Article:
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What B2B Marketers Can Learn from B2C
CRM Evolution '09 — Day 2: Whether marketers are hitting an individual or an enterprise, both are consumers and, ultimately, share the mindset that "it's all about me."
Posted Aug 29, 2009
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NEW YORK — Patric Timmermans has been on both sides of the marketing spectrum. For nine years he was a B2B marketer before becoming a B2C marketer for the last four years. Regardless of who you're selling to, there are similar principles to follow. More important, Timmermans highlights the fact that, in a market where the consumer has the upper hand, the goal of marketing is to be found when consumers are looking, not intrude when they're aren't.

B2B marketing is changing, Timmermans told the audience in his Tuesday session at CRM Evolution. Based on their search habits alone, B2B consumers are certainly behaving similar to B2C consumers,  prompting Timmermans to add in the final kick to his presentation -- "it's all about me" -- at the last minute.

According to a poll by MarketingSherpa, 83 percent of business consumers reported "always" beginning their purchasing process through Google search. This was followed by 26 percent who reported they always went to the technology vendor's Web site. Forrester Research, however, found in a 2008 survey of 2,686 North American and European hardware decision-marketers from small and midsize businesses to the enterprise, that 33 percent find "vendor, industry trade, or professional Web site," are "very important" digital source when it comes to research. Even so, "discussion forums, online communities, or social networks sites," came in second with 23 percent of respondents indicating that these were "very important" sources in influencing their purchase decisions, above other corporate assets such as Webinars (18 percent) and email newsletters (16 percent).

In other words, while B2B interactions may typically be viewed as a more straight-laced marketing environment, it's ultimately an individual at the other end of the line. Whether B2C or B2B, Timmermans told the crowd, any effective marketing process calls for three fundamental steps:

  • campaign planning;
  • segmentation; and
  • analytics and data mining.

All of which are steps to drive the universal customer lifecycle:

  • acquire;
  • grow; and
  • retain.

Marketing has undoubtedly become more challenging as consumers are inundated with messages and choices. Timmermans characterizes today's marketing industry as one currently in an age of "reduced effectiveness," highlighted by the fact that studies have indicated:

less than 10 percent of consumers can name a brand advertised in a show they just saw, down from 35 percent in 1965;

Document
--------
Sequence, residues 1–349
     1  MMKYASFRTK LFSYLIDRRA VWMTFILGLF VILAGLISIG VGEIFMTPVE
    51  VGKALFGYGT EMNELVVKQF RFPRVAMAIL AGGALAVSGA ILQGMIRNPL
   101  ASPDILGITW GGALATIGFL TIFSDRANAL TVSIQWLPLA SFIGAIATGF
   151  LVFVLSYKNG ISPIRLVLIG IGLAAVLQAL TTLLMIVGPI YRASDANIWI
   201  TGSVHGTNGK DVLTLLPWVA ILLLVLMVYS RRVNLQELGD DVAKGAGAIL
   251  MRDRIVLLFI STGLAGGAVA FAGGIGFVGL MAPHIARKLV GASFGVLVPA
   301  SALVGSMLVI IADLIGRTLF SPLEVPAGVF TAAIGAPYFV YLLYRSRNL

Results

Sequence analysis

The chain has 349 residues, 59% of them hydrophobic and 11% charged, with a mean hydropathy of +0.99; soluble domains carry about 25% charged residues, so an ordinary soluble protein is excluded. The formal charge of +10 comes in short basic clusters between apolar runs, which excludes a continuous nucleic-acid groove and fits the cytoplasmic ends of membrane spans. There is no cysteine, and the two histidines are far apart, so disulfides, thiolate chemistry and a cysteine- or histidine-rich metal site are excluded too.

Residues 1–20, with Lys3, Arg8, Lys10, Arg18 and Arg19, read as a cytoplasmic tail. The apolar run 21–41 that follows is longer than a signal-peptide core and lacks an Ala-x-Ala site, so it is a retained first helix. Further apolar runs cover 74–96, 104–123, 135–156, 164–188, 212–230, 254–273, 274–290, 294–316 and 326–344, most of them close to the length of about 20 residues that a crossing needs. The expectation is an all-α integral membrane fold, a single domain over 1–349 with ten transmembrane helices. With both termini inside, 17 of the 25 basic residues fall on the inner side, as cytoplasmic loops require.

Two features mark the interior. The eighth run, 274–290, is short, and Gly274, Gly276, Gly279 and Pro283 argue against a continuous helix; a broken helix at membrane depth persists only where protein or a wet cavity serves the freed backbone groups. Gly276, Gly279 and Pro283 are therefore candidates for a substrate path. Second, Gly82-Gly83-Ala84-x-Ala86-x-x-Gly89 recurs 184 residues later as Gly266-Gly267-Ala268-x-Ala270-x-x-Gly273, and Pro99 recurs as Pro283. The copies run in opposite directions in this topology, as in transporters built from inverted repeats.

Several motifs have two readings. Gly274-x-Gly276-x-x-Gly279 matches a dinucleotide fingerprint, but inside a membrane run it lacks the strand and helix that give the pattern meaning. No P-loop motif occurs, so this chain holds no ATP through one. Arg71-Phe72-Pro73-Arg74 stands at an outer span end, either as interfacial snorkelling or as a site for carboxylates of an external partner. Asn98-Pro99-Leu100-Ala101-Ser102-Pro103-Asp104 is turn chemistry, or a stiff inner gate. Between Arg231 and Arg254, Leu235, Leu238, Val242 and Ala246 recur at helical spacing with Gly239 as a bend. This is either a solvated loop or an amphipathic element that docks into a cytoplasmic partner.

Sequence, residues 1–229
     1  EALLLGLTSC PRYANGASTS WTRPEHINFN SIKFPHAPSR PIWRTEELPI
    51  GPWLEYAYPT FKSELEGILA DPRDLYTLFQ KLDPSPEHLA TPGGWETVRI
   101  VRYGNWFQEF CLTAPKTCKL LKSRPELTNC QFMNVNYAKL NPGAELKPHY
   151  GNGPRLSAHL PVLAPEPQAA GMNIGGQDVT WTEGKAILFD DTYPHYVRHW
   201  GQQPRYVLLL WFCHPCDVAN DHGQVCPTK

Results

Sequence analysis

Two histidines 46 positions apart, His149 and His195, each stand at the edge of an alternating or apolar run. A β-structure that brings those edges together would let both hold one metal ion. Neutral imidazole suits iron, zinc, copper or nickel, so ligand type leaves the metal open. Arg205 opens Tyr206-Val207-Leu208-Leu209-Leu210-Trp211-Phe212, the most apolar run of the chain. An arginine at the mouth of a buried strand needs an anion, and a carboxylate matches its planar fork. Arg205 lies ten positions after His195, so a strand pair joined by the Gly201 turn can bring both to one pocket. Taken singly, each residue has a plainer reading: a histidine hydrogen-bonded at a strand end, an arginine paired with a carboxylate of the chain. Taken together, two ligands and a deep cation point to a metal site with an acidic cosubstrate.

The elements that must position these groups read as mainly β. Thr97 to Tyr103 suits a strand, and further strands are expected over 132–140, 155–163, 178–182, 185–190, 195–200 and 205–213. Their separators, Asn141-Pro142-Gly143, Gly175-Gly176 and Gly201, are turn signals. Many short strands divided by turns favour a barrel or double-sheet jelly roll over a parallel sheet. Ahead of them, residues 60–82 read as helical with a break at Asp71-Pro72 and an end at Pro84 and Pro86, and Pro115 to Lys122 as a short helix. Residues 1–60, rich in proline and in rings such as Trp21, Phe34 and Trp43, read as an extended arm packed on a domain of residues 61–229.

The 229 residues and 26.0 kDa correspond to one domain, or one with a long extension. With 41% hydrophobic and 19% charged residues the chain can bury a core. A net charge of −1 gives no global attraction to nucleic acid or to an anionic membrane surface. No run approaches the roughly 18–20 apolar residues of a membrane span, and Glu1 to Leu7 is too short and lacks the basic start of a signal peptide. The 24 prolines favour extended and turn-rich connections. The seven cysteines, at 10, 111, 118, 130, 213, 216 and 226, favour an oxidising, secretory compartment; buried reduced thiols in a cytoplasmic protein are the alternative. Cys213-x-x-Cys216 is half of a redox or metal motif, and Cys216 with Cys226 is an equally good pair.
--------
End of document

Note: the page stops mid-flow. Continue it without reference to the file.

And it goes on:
email purchase rates declined 26.7 percent from last year,  down to .22 percent; and

traditional direct mail response rates have dropped as low as 1.6 percent.

In B2C, intrusive marketing has exhibited success rates of approximately one to two percent, Timmermans said, according to research from Gartner. Campaigns that are event-triggered have a five-times better success rate, and highly-targeted -- or guided inbound - campaigns, whereby the customer finds you, have shown 10 times the success rate over those that are intrusive.

"When you [do] at data mining and analyze what customers are likely to buy based on certain characteristics," Timmermans said, "it's not always obvious." For instance, one eyeglass manufacturer was able to identify farmers and garbage collectors were actually the most likely consumers of photochromic lenses, as opposed to what the company thought would be its most affluent demographic. However, B2C marketers have the advantage because, in terms of data, Timmermans said, "there's way more than what's available in B2B." Even so, he added, traditional mass marketing with a B2B audience, like in B2C, "absolutely doesn't pay off."

With B2C, it's critical to any campaign is the need to be both relevant and value generating with every at point of interaction, which means:

  • target multi-channel;
  • target cross-channel;
  • be personalized;
  • act upon every inbound customer interaction; and
  • integrate every touch point (inbound or outbound) to create a holistic view of the customer.

For the B2B marketer, the task is understandably more cumbersome given the fact that the "consumer" has more balls to juggle before the ultimate sale can be made. Moving forward, Timmermans said B2B marketing will be catching up to the sophistication of B2C marketing with the following developments:

  • Marketing automation software that accounts for the multiple influencers and decision makers;
  • Multi-channel interactions;
  • Market resource management, which incorporates the planning, budgeting, and marketing allocation (e.g., how much goes to PPC vs. print; campaigns vs. seminars); and
  • Real-time data mining to enable personalized offers.

CRM Evolution '09 concluded earlier this week in New York. Full coverage can be found here.

News relevant to the customer relationship management industry is posted several times a day on destinationCRM.com, in addition to the news section Insight that appears every month in the pages of CRM magazine. You may leave a public comment regarding this article by clicking on "Comments" at the top; to contact the editors, please email editor@destinationCRM.com.

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